Kassidy Covert, SPT – Texas State University, Doctorate of Physical Therapy Class of 2023
Physical activity and regular exercise are strongly recommended for one’s overall health and wellness. Benefits include decreasing the risk of chronic health conditions such as heart disease and type II diabetes, as well as improving cognition, mental health, sleep, and overall quality of life.1 However, there are times when a day or two after exercising we might feel a dull ache in our muscles whenever we move and wonder “I thought physical activity was supposed to make me feel better. Did I do something wrong?” Not necessarily! You may be experiencing Delayed Onset Muscle Soreness (DOMS), which is a normal response to exercise.
Muscle soreness can be described as a dull, achy, or tight feeling within muscles, during which peak discomfort occurs within 24-48 hours after activity.2-5 Soreness can be a normal response when starting an exercise program for the first time, performing a new activity, or progressing an activity in intensity.2-5 Whenever you perform a new activity, you are putting mechanical stress on muscle fibers, causing them to break down after the activity.3-5 The good news is that your body typically responds by repairing the muscle fibers and by making them even bigger and better than they were previously.3 Over time, the muscles adapt to the new stresses placed upon them, resulting in decreased soreness when you perform the activity again.2,3 Muscle adaptation also results in the larger, more toned muscle shape that often is a goal of resisted activity training.
Remember that the phrase “no pain, no gain” does not apply to every situation. The truth is that a healthy, gradual amount of stress applied onto muscle tissue is beneficial.2-4 Sometimes when starting a new activity, a common mistake is increasing intensity too quickly.4 If muscle soreness lasts longer than 72 hours or impedes your ability to perform daily activities, then the intensity of the activity needs to be scaled back.2,3 The keys to adherence of regular physical activity are gradual progression of intensity and use of optimal form during exercise. It is important to distinguish between tissue injury and soreness. Symptoms of tissue injuries include sharp pain that is constant, pain that comes on immediately after an activity or which does not resolve on its own in 7-10 days, or localized tissue swelling.2,3 Signs of a tissue injury should be evaluated by a medical professional such as a physical therapist.
Symptoms associated with soreness should go away within 3-5 days.2-5 There are some things that can be done to help alleviate the discomfort as you are recovering. Complete rest is not recommended as this can actually worsen the pain.2 Performing light massage, foam rolling, and/or light aerobic activities such as walking can help reduce muscle soreness by increasing body temperature and blood flow to tissue to allow for recovery. 2-6 Can you work out while being sore? Sure, you can work out the same area to a lesser intensity or ideally work on a different part of the body while recovering.2,4 Performing a variety of different forms of physical activity can allow you to work different parts of your body and allow for appropriate rest time.4 Variations of physical activity can include resistance training, yoga, Pilates, walking/running, utilizing cardio machines, playing sports, fitness classes, dancing, etc. If you have questions about how you can exercise safely and successfully, consult with your physical therapist. Physical therapists are movement experts who can help you adjust your exercise program and advise you on progressions according to your activity levels!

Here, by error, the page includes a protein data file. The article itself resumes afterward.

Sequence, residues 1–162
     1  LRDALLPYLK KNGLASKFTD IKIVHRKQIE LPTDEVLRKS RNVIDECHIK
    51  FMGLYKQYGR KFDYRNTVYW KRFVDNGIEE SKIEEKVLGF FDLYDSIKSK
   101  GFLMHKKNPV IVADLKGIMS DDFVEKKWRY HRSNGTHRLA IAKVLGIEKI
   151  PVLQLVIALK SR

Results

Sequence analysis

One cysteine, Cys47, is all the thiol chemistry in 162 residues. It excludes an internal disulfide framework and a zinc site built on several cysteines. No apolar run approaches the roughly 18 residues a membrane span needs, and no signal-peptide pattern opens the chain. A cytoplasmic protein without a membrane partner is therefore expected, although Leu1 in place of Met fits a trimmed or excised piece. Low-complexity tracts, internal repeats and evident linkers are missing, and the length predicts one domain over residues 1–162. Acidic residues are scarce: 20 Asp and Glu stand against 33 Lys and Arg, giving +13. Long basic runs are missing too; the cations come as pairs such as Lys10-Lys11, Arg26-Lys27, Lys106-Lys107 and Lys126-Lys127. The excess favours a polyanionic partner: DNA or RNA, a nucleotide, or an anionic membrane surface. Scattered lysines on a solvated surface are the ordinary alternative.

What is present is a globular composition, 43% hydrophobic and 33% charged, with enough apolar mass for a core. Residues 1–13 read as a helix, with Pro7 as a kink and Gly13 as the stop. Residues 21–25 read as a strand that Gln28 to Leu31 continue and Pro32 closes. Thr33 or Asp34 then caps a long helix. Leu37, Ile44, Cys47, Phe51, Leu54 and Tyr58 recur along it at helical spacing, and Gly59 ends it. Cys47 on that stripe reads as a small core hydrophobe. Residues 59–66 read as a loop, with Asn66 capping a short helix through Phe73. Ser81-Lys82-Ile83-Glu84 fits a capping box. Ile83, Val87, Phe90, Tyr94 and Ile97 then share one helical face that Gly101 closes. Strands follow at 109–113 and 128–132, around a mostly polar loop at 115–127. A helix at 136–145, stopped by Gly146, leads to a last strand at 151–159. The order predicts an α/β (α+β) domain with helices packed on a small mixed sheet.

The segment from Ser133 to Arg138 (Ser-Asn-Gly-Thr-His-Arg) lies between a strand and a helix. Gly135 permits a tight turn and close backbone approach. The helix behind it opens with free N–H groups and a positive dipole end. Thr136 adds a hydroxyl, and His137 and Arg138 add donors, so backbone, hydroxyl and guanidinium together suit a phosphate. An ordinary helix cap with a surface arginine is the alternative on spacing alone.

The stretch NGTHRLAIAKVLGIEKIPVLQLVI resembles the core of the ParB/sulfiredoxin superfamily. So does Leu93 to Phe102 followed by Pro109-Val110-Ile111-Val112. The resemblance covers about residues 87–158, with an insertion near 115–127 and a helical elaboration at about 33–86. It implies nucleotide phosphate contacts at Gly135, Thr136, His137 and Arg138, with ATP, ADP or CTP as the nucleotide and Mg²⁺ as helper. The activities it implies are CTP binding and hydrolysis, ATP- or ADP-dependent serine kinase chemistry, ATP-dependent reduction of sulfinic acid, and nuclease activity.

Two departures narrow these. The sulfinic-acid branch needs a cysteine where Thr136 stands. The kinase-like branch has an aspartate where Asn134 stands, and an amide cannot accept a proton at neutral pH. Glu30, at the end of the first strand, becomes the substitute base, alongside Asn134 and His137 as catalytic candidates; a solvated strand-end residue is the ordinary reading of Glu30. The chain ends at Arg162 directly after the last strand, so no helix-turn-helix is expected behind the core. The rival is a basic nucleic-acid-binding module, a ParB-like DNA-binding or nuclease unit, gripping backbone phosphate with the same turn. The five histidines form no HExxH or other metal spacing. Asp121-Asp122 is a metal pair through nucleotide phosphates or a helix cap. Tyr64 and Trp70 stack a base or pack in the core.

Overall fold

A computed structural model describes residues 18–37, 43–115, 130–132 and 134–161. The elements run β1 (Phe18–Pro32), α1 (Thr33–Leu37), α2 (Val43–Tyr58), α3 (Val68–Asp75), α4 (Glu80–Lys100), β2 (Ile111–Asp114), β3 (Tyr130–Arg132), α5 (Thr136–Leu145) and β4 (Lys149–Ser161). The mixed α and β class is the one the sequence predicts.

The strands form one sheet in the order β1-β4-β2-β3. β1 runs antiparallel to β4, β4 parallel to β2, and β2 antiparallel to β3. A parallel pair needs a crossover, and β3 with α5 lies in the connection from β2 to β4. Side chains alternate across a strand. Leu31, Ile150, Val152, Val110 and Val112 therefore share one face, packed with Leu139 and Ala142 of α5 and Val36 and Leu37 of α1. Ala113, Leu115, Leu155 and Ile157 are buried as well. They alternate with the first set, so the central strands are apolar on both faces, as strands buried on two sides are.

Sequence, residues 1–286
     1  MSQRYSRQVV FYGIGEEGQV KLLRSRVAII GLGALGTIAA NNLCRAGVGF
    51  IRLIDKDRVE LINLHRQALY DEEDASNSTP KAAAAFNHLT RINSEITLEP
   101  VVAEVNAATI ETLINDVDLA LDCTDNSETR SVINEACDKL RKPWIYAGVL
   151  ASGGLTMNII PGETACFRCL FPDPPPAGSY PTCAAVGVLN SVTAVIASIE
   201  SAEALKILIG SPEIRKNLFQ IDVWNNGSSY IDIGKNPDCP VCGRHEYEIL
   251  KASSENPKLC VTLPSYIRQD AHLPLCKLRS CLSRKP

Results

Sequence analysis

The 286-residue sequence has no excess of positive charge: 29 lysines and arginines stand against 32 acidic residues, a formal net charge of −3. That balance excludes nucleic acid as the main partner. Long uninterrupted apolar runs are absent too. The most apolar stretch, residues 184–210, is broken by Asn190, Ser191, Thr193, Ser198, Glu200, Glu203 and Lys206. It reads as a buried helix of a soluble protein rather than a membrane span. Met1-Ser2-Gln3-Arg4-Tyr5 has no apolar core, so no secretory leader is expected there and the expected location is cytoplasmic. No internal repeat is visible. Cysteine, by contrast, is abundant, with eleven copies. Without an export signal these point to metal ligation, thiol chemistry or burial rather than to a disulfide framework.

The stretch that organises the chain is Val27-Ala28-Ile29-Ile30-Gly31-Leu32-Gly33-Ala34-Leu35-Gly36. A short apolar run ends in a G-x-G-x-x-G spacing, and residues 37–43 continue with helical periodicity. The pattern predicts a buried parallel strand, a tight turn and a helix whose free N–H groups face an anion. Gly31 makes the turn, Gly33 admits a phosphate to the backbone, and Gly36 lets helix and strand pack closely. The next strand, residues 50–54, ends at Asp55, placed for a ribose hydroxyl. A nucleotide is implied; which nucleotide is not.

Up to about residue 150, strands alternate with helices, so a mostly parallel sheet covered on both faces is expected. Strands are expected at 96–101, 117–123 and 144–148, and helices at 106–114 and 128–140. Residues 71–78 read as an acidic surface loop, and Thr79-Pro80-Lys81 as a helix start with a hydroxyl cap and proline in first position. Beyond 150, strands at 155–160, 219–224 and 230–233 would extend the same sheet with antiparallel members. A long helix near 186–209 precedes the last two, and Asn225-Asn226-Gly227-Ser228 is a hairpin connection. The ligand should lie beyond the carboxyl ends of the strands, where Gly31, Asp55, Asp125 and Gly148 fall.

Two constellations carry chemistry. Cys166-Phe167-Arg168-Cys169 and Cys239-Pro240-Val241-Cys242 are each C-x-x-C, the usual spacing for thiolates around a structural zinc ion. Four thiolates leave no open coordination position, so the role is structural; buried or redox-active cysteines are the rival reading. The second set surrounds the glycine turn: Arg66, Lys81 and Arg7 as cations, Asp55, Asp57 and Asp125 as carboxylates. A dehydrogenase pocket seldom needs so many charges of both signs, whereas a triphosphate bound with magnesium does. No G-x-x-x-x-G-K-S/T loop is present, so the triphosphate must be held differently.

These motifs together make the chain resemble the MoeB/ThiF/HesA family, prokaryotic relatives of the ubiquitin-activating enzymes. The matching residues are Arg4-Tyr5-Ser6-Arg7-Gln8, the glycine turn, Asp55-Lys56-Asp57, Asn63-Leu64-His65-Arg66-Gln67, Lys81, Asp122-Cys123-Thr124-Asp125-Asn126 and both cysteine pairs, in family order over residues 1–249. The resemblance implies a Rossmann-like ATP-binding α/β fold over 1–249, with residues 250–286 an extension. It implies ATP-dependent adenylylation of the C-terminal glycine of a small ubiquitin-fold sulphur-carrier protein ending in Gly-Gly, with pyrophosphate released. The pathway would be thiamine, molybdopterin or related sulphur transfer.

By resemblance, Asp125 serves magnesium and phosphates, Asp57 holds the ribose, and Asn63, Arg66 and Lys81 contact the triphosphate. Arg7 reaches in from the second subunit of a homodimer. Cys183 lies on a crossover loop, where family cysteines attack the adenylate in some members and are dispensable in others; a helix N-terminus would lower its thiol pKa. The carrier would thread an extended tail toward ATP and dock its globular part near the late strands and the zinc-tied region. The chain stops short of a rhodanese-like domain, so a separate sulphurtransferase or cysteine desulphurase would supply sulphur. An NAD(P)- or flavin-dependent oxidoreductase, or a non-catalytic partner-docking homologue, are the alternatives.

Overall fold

- American Heart Association. American Heart Association Recommendations for Physical Activity in Adults and Kids. American Heart Association. https://www.heart.org/en/healthy-living/fitness/fitness-basics/aha-recs-for-physical-activity-in-adults. Published April 18, 2018. Accessed July 28, 2022.
- Maitland M, Zachazewski J. Soreness vs pain: What’s the difference? Choose PT. https://www.choosept.com/health-tips/soreness-vs-pain-whats-difference. Published August 12, 2021. Accessed July 28, 2022.
- Krum NL. Understanding muscle soreness – how much is too much? National Kidney Foundation. https://www.kidney.org/content/understanding-muscle-soreness-%E2%80%93-how-much-too-much. Published July 2, 2015. Accessed July 28, 2022.
- McCallum K. Should you still work out when you’re sore or in pain? Houston Methodist on Health. https://www.houstonmethodist.org/blog/articles/2022/mar/should-you-still-work-out-when-youre-sore-or-in-pain/. Published March 14, 2022. Accessed July 28, 2022.
- Nahon RL, Silva Lopes JS, Monteiro de Magalhães Neto A. Physical therapy interventions for the treatment of delayed onset muscle soreness (DOMS): Systematic review and meta-analysis. Physical Therapy in Sport. 2021;52:1-12. doi:10.1016/j.ptsp.2021.07.005
- Hjert CS, Wright CJ. The Effects of Self-Myofascial Release Foam Rolling on Muscle Soreness or Pain After Experiencing Delayed Onset Muscle Soreness: A Critically Appraised Topic. International Journal of Athletic Therapy & Training. 2020;25(6):294-298. Accessed July 28, 2022. https://doi.org/10.1 123/ijatt.201 9-0078